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Consider the Cayley graphs of $A_n,$ with respect to the generating set of all $3$-cycles. Their properties must be quite well-known, but sadly not to me. For example: what is its diameter? Is it an expander family? (I assume not) Is there a nice description of the eigenvalues? The tree number?

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    $\begingroup$ This looks relevant: arxiv.org/abs/1109.3550 $\endgroup$ – Aurel Apr 3 '16 at 21:43
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    $\begingroup$ If I have calculated correctly, then the diameter is $\lfloor n/2 \rfloor$. $\endgroup$ – Derek Holt Apr 3 '16 at 22:13
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Here is a quick proof that the diameter of the graph is $\lfloor n/2 \rfloor$.

Note that, when $n$ is odd, the $n$-cycle $(1,2,3,\ldots,n)$ can be expressed as a composite (composing from left to right) of $(n-1)/2$ $3$-cycles: $$(1,2,3)(1,4,5) \cdots (1,n-1,n).$$

When $m$ and $n$ are even with $0 < m < n$, the product of two cycles of even length $(1,2,\ldots,m)(m+1,m+2,\ldots,n)$ can be expressed as a composite of $n/2$ $3$-cycles:$$(1,2,3)(1,4,5) \cdots (1,m,m+1)(m+1,1,m+2)(m+1,m+3,m+4) \cdots (m+1,n-1,n).$$

This gives $\lfloor n/2 \rfloor$ as an upper bound on the diameter.

To get the lower bound, when $n$ is odd, the $3$-cycles used to express $(1,2,\ldots,n)$ must involve all points $1,2,\ldots,n$ and they must be connected, so we need at least $(n-1)/2$ of them.

When $n$ is even, it is not possible to express the individual cycles in $(1,2,\ldots,m)(m+1,m+2,\ldots,n)$ as composites of $3$-cycles because they are odd permutations, so again the $3$-cycles in a decomposition of this permutation must be connected and hence we need at least $n/2$ of them.

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For $n\geq 5$, all the eigenvalues of the Cayley graph you describe are integers. The eigenvalues correspond to character values on $3$-cycles multiplied by the number of $3$-cycles (because the generating set of $3$-cycles is a conjugacy class). The multiplicity is the dimension of the irreducible representation.

Since the character values are algebraic integers, it is enough to observe that on a $3$-cycle all character values are rational. This follows from the well-known fact (see Noam Elkies answer to this question) that if $g$ is an element of a finite group $G$, then $\chi(g)$ is rational for all characters $\chi$ of $G$ if and and only if $g^m$ is conjugate to $g$ for all powers $m$ coprime to the order of $g$.

Since every power of a $3$-cycle that is not the identity is a $3$-cycle and $3$-cycles are all conjugate in $A_n$ for $n\geq 5$, this gives the integrality of character values on $3$-cycles.

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  • $\begingroup$ You could also note that when $n \geq 5$, every $3$-cycle of $A_{n}$ is conjugate to its inverse via a product of two disjoint transpositions. For example, $(123)$ is inverted by $(12)(45)$. $\endgroup$ – Geoff Robinson Apr 4 '16 at 21:20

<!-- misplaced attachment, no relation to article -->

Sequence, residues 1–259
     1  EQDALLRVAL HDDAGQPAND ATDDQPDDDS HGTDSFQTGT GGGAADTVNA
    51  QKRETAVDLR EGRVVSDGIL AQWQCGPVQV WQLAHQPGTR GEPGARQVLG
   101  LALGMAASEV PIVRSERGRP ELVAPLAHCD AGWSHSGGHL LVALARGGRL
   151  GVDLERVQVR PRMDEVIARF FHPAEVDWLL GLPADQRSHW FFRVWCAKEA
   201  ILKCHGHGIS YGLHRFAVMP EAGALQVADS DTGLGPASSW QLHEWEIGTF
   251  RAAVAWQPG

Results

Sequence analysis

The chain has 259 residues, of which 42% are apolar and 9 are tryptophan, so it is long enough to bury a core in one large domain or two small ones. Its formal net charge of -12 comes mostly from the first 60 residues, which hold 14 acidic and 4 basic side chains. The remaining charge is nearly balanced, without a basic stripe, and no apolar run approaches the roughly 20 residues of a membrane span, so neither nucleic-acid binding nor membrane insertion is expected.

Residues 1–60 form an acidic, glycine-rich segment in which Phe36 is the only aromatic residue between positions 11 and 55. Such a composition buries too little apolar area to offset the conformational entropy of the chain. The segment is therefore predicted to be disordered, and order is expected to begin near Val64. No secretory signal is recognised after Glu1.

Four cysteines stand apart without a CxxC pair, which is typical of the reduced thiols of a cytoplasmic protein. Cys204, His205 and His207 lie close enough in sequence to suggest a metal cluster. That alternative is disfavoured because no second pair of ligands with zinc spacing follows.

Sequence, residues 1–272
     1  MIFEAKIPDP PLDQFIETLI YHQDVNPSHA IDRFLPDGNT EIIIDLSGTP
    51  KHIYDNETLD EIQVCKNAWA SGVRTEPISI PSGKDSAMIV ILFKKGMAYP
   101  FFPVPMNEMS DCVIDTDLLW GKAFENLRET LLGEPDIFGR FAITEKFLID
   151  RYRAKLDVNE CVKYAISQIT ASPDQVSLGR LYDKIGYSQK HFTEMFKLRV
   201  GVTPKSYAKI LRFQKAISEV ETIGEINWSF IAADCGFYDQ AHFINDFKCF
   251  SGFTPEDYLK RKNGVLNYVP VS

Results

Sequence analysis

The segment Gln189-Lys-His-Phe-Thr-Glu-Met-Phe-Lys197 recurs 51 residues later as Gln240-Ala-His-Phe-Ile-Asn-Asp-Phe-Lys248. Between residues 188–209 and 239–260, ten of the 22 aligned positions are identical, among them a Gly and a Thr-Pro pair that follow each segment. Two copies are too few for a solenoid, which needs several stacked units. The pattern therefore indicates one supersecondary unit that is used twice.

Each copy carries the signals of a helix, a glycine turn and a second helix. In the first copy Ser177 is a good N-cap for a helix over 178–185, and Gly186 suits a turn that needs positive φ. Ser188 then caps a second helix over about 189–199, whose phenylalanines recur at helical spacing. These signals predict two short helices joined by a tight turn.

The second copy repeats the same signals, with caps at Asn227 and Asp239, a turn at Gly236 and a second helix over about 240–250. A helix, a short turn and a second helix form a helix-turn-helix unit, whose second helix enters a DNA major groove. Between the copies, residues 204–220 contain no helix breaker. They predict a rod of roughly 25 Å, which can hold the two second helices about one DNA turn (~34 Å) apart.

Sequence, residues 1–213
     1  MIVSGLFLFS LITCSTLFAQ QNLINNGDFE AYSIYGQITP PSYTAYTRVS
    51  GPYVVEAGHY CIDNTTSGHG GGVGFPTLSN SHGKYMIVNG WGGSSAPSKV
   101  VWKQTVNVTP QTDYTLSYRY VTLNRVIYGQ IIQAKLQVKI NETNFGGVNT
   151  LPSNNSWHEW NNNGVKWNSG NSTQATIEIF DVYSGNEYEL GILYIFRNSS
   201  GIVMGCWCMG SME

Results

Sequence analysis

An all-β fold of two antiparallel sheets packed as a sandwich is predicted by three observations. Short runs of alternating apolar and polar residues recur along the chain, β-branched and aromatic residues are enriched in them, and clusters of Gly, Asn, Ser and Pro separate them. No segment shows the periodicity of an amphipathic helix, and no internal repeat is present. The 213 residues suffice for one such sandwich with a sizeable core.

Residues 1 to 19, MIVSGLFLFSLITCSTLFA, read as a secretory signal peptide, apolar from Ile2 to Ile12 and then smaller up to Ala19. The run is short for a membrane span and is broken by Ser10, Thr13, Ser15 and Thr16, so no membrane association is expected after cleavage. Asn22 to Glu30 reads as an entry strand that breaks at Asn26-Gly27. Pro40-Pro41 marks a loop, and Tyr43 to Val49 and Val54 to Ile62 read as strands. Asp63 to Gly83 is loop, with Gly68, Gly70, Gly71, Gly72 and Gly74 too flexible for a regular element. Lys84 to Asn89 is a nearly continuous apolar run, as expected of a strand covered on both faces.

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As soon as the generating set of a Cayley graph of a group $G$ is a union of conjugacy classes of $G$, the graph lives in the commutative association scheme of these classes, where the multiplication is determined by the character table of $G$. Thus things like diameter, eigenvalues, can be determined from the character table, although this is not necessarily trivial.

Just for fun, I computed the eigenvalues of this graph for $G=A_n$, $n=15$, and they are all integers. Not sure if this is easy to explain...

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Given a conjugacy class $C$ of the alternating group ${\rm A}_n$ ($n \geq 5$), for every $\delta \in ]0,1[$ there is a constant $c(\delta) > 0$ such that if the number of points moved by an element of $C$ is at least $\delta n$, then the undirected Cayley graph $X({\rm A}_n,C)$ is a $c$-expander. A family of such Cayley graphs where the number of points moved by an element of $C$ is $o(\sqrt{n})$ is not a family of $c$-expanders. See

Yuval Roichman. Expansion Properties of Cayley Graphs of the Alternating Groups, Journal of Combinatorial Theory, Series A, Volume 79(1997), Issue 2, Pages 281–297.

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  • $\begingroup$ Isn't it true that as soon as the number of points moved is $o(n)$, then the graph is not an expander? Let $S$ be the set of permutations with at least one fixed point. Then $S$ has constant density, and if I hit a random element of $S$ with a random element of $C$ then with probability $1-o(1)$ the result is again in $S$. $\endgroup$ – Sean Eberhard Apr 4 '16 at 9:48
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In general, The eigenvalues of a Cayley graph of a group $ G $ with respect to a subset $ S $ can be computed using irreducible representations of $ G $. In particular, using character table of $ G $ when $ S $ is a union of conjugacy Classes of $ G $. For example, see my paper, "M. Arezoomand and B.Taeri,on the characteristic polynomial of n-Cayley digraphs, Electron. J. Combin. 2013."

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    $\begingroup$ Can you prove @DimaPasechnik's experimental observation that the eigenvalues are integers? $\endgroup$ – Igor Rivin Apr 4 '16 at 10:56
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    $\begingroup$ Benjamin's answer does prove it. $\endgroup$ – Dima Pasechnik Apr 5 '16 at 20:13

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